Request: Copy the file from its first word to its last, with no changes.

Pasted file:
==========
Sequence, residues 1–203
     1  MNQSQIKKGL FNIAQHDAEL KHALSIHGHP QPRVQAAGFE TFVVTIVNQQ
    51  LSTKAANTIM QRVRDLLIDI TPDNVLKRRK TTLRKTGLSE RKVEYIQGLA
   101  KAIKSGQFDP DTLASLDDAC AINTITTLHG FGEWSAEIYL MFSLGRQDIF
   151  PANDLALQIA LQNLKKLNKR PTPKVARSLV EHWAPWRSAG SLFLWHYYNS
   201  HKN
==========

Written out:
Sequence, residues 1–203
     1  MNQSQIKKGL FNIAQHDAEL KHALSIHGHP QPRVQAAGFE TFVVTIVNQQ
    51  LSTKAANTIM QRVRDLLIDI TPDNVLKRRK TTLRKTGLSE RKVEYIQGLA
   101  KAIKSGQFDP DTLASLDDAC AINTITTLHG FGEWSAEIYL MFSLGRQDIF
   151  PANDLALQIA LQNLKKLNKR PTPKVARSLV EHWAPWRSAG SLFLWHYYNS
   201  HKN